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On June 26, two days after the ruling by the US Supreme Court on Dobbs v. Jackson Women’s Health Organization that effectively overruled Roe v. Wade and Planned Parenthood v. Casey, a purposefully anonymous group member of the I’m a Choir Director Facebook page, posted the following:

Is anyone else having a really hard time justifying working at a church right now? I work at one part time as a choir director for some additional income and it was really hard to sit there today and hear them celebrating my rights being taken away with the most recent Supreme Court ruling. I don’t want this to turn into a political argument and I don’t want people to just tell me to leave, as I live in a state that does not pay teachers very well and I need this income.

I’m just wondering if anyone else is in my shoes and how you’re handling it.

Church musician basics

Employment as a full- or part-time church employee is a regular endeavor for many musicians. Most churches require only part-time musicians, so people who work in any other musical or non-musical career may have a part-time church gig. 

The regular, stable income of working for a church can be hard to pass up, regardless of personal ideology.

The level of commitment, both doctrinal and time, that a musician has to exhibit varies by denomination, church, or position. Some churches occasionally hire a musician to perform at a funeral, wedding, or special religious event. Others hire section leaders, professional choristers, cantors, choir directors, praise band members, or organists to perform every service and rehearsal during the regular church year. Larger churches hire musicians as Organist, Organist/Choir Master, Choir Directors, Chancel Choir Director, which generally increases involvement in the spiritual planning of a service or the larger life of the church. Still another professional level is the Minister of Music or Director of Music, who oversees spiritual pastoring of the church through music.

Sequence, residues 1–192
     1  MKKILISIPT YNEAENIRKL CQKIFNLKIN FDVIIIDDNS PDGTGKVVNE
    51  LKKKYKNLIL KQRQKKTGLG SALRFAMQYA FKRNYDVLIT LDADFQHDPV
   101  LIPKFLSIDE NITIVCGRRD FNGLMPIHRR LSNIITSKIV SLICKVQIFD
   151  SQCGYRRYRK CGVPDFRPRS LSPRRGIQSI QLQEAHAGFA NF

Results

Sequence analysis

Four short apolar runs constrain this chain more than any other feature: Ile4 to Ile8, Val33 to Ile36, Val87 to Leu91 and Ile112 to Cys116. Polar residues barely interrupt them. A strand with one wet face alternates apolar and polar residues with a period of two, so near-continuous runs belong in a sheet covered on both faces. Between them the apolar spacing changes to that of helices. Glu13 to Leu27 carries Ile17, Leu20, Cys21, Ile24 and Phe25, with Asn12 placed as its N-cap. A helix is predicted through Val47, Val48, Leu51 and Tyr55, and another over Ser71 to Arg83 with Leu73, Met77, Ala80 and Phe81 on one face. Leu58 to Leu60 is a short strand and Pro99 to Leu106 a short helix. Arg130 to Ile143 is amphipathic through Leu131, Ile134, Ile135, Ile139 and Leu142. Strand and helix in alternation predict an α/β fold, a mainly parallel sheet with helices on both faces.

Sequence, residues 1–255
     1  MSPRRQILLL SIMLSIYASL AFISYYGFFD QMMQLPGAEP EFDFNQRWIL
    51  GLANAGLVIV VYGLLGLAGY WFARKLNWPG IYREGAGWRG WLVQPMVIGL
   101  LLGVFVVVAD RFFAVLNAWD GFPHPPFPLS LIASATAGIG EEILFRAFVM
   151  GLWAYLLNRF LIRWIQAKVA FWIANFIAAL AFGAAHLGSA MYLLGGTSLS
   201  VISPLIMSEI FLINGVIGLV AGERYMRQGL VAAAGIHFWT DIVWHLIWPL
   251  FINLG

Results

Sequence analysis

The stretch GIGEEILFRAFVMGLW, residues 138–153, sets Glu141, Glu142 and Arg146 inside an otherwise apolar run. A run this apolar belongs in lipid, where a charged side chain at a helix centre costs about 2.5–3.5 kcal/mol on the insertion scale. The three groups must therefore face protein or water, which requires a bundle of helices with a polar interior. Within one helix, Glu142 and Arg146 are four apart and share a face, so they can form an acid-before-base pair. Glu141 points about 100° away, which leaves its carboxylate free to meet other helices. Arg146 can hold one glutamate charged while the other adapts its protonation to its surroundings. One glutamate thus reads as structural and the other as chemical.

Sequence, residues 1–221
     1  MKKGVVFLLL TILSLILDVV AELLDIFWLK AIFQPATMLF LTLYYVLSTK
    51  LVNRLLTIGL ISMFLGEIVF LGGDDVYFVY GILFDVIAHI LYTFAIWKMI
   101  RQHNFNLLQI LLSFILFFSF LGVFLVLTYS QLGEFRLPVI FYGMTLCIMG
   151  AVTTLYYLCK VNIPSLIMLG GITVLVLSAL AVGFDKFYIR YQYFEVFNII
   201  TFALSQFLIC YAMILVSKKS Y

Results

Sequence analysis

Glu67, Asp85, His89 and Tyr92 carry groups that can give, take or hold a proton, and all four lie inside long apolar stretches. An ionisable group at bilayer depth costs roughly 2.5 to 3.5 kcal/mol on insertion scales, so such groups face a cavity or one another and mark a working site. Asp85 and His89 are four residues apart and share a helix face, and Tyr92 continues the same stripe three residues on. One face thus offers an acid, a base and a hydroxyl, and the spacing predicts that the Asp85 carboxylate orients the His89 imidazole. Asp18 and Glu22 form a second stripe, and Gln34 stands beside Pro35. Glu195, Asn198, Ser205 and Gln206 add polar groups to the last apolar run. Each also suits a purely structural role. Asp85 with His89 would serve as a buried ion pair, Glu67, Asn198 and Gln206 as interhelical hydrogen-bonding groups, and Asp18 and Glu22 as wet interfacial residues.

For some religious ideologies, the church musician must believe/agree/consent with the tenets of the church that they work for, or the larger denomination of which the church is a part. They are employees, paid to provide a pastoral element of the service and live according to the church’s worldview. These churches can expect a church musician (or other employees) to sign a “Staff Expectations and Covenant” or Contract that spells out the rules that musicians must abide by.

Breaking this contract can involve a variety of disciplines, including dismissal.

The extent to which a church polices its employees’ beliefs can vary. Some clergy do not ask about it as long as an employee appears to fit into the role. As a June 2 tweet by Jonathan Merritt suggests (“Also, Happy Pride to all the Southern Baptist choir directors and their “roommates”), sexuality is often an open secret with a “don’t ask, don’t tell” policy.

The original Facebook post is a common anecdotal response highlighting the tensions that church musicians can have with the church they work for. However, it is rare to see a post on a prominent Facebook group questioning church choir directing. Many anecdotes about these tensions between beliefs exist, such as this one that was a response to the original post:

I was basically forced to resign from a church job about 27 years ago because I was living with my boyfriend (now husband) before we were married and some busybody gossip found out about it and tattled on me to the minister (who it turned out was actually having an affair at the time). They gave me a choice of either getting married right away, having my future husband move out, or they would have to let me go. So I quit. Because the absolutely laughable salary of $3,200/year they were paying me was not worth people spying on and trying to control my private life. I have not been back to church since then except for weddings and funerals.

Other anecdotes, both less intense and more extreme, exist.

Responses to the posting

“I’m a Choir Director” is a private, 27,000-member Facebook group designated as a professional learning network for choir directors. After the OP’s (original poster) initial post, group members shared their responses and advice, resulting in 96 comments. The rules of this Facebook group prohibit overtly political discussions. However, the moderators deemed this post an important topic that many church musicians are involved with. One of the moderators did disclose to me that they deleted four comments by two individuals for obvious violation of the “overtly political discussion” rules. The deleted comments did not offer advice to the OP, but rather were political opinions on the SCOTUS ruling.